Russian hackers were indicted for influencing the 2016 presidential election of Donald Trump by using fake social media sites to sway public opinion. Tuesday is Election Day in the U.S., and there are many House and Senate seats up for grabs.
This raises the question, can blockchain technology be used to protect the 2018 election process from a repeat hack?
Perhaps. CNet reports a number of startup companies are developing and promoting blockchain-based voting systems. The companies think blockchain’s system for securely sharing a database of records across a network of computers could be as important for voting as it is becoming in cross-border trade, food safety and selling real estate.
Blockchain voting has already been used in West Virginia as well as by unions, universities and the Rock and Roll Hall of Fame. Supporters point to blockchain’s transparency and its decentralized nature, distributing data among many servers, thus making it harder to destroy the data.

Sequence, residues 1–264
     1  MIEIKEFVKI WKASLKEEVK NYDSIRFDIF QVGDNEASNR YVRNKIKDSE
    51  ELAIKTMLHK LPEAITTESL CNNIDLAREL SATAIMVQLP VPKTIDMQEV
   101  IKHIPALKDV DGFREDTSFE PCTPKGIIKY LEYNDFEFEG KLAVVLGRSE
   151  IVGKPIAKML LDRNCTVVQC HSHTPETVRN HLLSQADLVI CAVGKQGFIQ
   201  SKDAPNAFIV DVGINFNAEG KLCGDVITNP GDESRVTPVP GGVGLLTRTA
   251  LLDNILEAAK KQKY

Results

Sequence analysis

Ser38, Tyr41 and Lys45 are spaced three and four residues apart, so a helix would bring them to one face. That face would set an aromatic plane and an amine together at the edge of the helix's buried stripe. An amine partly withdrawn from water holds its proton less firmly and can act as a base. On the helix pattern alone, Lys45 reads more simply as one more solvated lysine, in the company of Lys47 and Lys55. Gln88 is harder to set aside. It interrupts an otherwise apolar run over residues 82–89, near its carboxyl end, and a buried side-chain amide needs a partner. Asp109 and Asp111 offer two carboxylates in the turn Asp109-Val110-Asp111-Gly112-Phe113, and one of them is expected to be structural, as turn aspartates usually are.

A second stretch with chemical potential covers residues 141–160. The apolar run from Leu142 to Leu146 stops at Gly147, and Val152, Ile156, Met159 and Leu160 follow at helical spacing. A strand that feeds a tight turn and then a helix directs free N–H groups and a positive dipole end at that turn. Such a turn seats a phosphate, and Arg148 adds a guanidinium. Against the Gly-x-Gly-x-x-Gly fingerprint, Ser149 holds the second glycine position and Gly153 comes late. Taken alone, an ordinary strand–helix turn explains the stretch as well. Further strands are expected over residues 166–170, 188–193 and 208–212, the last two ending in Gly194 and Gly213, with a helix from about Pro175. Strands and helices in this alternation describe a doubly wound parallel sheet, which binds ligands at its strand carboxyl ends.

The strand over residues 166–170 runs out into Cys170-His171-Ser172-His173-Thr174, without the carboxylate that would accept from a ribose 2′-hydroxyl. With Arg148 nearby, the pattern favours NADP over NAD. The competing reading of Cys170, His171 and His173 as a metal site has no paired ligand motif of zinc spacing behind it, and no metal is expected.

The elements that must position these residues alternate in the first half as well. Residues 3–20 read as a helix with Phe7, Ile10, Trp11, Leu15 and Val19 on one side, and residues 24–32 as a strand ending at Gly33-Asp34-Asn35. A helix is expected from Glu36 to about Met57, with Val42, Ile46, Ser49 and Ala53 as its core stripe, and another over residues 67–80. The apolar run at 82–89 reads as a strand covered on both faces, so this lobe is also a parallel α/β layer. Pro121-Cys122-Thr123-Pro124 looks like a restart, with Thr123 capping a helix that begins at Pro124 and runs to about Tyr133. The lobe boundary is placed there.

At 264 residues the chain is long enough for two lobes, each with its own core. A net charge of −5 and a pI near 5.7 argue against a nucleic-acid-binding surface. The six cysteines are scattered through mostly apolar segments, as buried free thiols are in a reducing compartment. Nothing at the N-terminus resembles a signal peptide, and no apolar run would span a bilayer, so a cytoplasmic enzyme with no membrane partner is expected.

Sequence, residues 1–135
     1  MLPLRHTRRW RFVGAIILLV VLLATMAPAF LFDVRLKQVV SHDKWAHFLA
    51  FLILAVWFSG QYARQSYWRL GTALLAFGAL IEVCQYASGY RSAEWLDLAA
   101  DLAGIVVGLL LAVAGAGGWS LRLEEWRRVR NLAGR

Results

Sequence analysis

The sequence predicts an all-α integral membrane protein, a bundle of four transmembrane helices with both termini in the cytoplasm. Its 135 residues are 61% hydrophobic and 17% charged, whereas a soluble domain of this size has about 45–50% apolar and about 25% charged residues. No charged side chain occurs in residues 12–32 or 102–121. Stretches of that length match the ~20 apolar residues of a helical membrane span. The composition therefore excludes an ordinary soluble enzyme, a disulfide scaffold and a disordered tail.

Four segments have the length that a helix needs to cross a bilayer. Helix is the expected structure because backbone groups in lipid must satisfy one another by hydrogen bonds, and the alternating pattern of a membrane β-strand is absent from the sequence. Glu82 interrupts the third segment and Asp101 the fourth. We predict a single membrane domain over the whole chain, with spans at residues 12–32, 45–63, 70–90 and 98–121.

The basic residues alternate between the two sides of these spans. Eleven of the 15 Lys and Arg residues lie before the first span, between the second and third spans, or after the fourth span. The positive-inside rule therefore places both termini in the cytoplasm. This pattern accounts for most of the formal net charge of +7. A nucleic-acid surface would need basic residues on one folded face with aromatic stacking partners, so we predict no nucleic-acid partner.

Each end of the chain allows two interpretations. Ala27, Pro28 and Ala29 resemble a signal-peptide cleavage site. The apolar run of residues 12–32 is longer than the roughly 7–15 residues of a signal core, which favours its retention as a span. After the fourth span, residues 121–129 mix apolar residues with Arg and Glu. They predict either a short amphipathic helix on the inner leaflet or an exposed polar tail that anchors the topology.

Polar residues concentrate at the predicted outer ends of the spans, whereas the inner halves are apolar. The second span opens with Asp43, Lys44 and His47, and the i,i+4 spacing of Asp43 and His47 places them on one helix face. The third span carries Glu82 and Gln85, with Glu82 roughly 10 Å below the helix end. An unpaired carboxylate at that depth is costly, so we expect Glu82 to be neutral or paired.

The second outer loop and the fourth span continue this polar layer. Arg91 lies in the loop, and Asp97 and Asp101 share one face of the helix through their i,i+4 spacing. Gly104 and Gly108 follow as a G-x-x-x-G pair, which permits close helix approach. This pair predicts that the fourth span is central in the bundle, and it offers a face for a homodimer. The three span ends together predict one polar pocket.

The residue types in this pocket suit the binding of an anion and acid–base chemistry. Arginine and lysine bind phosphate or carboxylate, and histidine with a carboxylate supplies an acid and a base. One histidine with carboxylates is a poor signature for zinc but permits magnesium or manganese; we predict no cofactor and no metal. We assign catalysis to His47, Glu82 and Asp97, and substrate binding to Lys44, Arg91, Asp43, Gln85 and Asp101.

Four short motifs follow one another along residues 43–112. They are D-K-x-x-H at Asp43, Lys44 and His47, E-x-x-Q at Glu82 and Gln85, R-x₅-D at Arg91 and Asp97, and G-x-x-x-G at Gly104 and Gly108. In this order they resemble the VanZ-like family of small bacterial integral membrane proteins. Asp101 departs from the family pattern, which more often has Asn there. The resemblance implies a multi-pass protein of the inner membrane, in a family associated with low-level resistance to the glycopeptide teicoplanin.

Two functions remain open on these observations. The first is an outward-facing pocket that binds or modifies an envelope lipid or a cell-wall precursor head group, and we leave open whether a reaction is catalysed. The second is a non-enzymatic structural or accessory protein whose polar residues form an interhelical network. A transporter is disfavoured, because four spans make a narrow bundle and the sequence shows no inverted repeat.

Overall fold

But many remain skeptical about blockchain in general and how electronic voting systems can be protected from hackers. In some states the old-fashioned paper ballot is even making a comeback as backup. Read more here.